Minimalism. I embrace the concept but I pretty much stink at practicing what it means. I am a walking contradiction. On one hand, I’m not much of a materialist. I live in an old house, drive an old car and have mostly old clothes. I do try to wear sturdy supportive shoes, having never forgotten my parents’ admonitions about getting only one pair of feet that have to last a lifetime, and that I should take good care of them. Same for teeth. No old toothbrushes for me – but the worn ones are good for cleaning small spaces.
Despite my indifference to stuff, and multiple attempts to pare down my belongings over the past half dozen years, my house remains pretty packed. I still have loads of photos, books and greeting cards which are stuffed into storage bins, packed into folders and stacked on shelves. I think I was supposed to be a curator or an archivist or maybe just a plain historian. I imagine these urges are connected to the fact that I have very few tokens of my early life. Some photos, a few letters, my school report cards. But I wish I had more, things that might fill in the holes in what is still my fairly prodigious memory. As parents are wont to do, I made every effort to save close to a complete historical record for my kids. I used to jam all their school papers into their backpacks, setting each one aside to be replaced by the next for the upcoming year. Each year I wrote them a letter on their birthdays until they were 18, when I turned them over for their perusal of forgotten incidents. I’m doing the same thing for both my grandsons. For my kids, both strivers and multi-talented successes, musically, academically and athletically, I kept every scrap of publicity about them, each getting an athletic scrapbook, programs from their concerts and award ceremonies, and on their 30th birthdays, a memory book with letters from former teachers, classmates and family members, sharing all the reasons they were cherished by those people. I made a memory book like that for my father for his 65th birthday and one for Michael for his 50th. I think it’s kind of funny that no one has made one for me, but in truth, since I started keeping a journal at age 12, I’ve kind of been making them for myself. Effectively, this blog serves the purpose of providing information for my family after I’m no longer around to do it, describing my own personal history which runs parallel to theirs.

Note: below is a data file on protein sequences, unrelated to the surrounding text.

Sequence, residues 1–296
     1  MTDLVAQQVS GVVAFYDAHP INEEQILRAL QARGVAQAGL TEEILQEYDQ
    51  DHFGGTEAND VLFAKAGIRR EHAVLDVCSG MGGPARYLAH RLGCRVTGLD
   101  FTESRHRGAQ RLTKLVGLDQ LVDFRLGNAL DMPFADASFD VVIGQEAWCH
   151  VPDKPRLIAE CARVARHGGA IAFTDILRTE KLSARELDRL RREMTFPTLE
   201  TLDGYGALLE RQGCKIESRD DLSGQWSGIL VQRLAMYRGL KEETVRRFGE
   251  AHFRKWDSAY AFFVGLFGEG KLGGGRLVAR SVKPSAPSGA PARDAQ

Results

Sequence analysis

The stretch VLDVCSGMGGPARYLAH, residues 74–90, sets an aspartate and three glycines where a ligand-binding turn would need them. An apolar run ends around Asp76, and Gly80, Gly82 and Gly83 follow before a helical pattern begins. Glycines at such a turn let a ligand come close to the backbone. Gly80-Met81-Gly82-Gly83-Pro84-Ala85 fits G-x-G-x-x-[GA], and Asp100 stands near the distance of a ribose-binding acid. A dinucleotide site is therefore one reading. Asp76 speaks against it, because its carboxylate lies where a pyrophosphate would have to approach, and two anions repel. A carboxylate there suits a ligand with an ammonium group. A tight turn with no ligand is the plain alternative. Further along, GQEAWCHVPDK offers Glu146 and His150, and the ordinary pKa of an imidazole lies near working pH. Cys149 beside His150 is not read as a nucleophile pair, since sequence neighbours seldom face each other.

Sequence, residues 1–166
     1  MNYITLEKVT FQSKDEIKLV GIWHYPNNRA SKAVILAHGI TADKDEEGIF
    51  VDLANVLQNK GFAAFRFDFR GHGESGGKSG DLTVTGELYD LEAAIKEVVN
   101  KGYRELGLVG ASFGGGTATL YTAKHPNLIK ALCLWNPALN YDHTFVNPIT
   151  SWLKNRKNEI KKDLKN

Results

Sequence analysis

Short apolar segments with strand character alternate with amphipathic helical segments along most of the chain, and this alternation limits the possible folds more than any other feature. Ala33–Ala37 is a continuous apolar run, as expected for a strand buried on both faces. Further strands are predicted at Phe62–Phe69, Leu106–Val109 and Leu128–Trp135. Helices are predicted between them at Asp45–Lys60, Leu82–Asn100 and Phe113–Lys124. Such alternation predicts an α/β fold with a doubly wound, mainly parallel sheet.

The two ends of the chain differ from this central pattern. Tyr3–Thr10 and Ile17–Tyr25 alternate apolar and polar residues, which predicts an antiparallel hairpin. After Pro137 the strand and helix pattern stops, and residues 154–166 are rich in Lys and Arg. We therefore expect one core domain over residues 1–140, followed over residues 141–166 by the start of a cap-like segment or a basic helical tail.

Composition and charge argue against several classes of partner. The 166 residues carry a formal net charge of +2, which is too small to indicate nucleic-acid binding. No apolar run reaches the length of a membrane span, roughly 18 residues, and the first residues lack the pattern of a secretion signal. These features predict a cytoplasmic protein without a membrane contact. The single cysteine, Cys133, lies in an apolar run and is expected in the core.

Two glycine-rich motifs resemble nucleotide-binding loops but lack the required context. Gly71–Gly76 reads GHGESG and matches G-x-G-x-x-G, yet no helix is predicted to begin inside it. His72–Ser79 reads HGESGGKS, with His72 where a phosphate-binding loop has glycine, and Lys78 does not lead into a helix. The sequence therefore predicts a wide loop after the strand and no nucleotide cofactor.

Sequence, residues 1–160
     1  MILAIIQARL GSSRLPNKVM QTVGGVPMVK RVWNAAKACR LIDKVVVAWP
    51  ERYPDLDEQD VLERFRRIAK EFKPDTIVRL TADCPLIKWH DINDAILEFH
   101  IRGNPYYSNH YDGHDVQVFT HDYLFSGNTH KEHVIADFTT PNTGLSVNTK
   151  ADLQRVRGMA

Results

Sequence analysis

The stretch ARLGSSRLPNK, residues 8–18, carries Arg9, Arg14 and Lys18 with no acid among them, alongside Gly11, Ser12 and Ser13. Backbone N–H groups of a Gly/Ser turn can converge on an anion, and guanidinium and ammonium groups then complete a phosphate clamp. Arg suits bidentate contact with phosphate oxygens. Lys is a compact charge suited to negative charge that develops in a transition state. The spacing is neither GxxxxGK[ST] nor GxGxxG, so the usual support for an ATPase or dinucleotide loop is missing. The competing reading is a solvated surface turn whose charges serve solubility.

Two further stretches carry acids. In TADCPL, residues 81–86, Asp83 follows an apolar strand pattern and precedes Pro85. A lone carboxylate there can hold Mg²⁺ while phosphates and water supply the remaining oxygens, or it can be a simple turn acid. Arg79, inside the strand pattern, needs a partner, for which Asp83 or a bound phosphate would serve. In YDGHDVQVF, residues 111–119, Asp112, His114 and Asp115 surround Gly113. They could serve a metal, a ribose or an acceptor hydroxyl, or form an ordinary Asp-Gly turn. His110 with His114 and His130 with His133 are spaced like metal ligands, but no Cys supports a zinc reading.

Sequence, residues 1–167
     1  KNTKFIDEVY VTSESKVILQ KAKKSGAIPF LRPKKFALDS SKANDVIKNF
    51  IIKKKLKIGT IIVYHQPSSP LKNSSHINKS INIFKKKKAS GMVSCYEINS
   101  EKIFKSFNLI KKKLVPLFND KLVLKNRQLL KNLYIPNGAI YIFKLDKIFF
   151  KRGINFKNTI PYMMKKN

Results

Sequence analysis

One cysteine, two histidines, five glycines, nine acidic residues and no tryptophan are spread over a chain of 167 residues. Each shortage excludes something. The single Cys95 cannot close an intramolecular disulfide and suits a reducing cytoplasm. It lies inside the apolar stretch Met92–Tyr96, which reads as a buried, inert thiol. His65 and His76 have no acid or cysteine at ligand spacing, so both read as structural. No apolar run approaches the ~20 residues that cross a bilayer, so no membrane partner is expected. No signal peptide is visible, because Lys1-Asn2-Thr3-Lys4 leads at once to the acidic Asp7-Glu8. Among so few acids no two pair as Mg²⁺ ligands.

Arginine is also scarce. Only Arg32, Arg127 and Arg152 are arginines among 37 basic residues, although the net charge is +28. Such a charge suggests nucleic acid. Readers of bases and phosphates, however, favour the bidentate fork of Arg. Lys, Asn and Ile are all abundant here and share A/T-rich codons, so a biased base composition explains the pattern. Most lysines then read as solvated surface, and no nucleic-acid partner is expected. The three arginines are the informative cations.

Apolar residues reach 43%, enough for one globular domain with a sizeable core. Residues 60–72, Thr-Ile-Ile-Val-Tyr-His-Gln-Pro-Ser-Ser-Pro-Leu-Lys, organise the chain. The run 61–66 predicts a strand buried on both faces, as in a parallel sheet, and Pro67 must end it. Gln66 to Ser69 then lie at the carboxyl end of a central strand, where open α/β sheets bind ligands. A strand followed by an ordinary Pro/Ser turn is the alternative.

But lately, I’ve been thinking there’s more to my motives than I’d previously considered. In my seemingly never-ending process of re-sorting the hundreds of photographs I removed from albums when I was assembling the slideshow that was part of the event honoring Michael’s life, I ran across a photo of my three year old son, riding his Big Wheel down the sidewalk in front of our house. Michael’s adored big red Chevy truck was parked at the curb in the picture. I know it was 1990 because he bought it brand-new that year. Finances were tricky – we wound up having his music store make the purchase which we paid off monthly, as you would a bank or a finance company, but with a more favorable interest rate. Wheeling and dealing was our motto. You can dimly see our old recycling buckets, the ones our city passed out to residents when we had to separate glass, paper and the like, instead of our current bins, now on wheels, no separation required. Oh how Michael loved that truck, in his favorite color, cherry red. At least he did until it rusted out, way too early in its life, even thought it was garage-kept and treated like a baby. In any event, as often happens in my head, a few truck-related memories came to mind as I looked at that photo. I remembered that when he brought it up to our multi-family Michigan trip every summer, all the kids, normally belted into their seats, got to clamber into the truck-bed for the short one block drive down the hill to the Driftwood, the souvenir and ice cream shop that drew a crowd every night in those days. I also remembered a time when Michael parked the truck toward the end of our driveway which slopes downward to our street. Mr. Absent-minded forgot to put the gearshift in park. After exiting the cab, we heard an odd gravelly noise and turned to watch as it slowly backed itself into our busy street, angled itself slightly and winding up across the avenue, backed into our neighbor’s driveway as if it was actually supposed to be there. We laughed in our post-terror relief, grateful to have not killed anyone or wrecked the truck. My son, who is in town these days, was nearby while I was reminiscing about this event. I asked him if he remembered the episode. He had no clue what I was talking about. So I think the only person left with that vision is me, although I’m not sure if my daughter, who might have been away at college at the time, recalls it. Lots of memories are like that as people vanish from our lives, leaving us with the vision that will disappear when our time is up. I think my keeping concrete records of what’s transpired is a way of making those delicate memories tangible and hard to forget.